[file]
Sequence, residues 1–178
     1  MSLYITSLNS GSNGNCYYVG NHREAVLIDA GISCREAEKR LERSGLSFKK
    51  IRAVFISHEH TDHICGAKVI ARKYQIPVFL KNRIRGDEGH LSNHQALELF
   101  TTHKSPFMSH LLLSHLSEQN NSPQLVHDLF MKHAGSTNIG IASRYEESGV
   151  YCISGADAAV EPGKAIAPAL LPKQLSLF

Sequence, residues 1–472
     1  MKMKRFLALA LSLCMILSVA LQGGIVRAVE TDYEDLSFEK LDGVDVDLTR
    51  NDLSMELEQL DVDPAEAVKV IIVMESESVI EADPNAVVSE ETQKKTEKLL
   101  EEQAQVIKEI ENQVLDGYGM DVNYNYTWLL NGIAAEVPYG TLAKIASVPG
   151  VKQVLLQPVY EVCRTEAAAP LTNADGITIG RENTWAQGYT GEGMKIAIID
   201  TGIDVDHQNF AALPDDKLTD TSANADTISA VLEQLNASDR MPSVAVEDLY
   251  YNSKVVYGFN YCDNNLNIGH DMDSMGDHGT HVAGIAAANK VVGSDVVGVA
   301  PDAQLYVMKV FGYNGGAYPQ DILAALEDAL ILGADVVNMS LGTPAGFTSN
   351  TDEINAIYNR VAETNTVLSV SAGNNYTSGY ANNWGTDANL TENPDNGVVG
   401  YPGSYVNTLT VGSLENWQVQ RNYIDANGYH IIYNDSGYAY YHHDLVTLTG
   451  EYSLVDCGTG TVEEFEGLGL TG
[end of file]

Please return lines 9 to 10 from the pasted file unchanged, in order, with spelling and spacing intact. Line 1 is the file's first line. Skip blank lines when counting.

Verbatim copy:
   101  EEQAQVIKEI ENQVLDGYGM DVNYNYTWLL NGIAAEVPYG TLAKIASVPG
   151  VKQVLLQPVY EVCRTEAAAP LTNADGITIG RENTWAQGYT GEGMKIAIID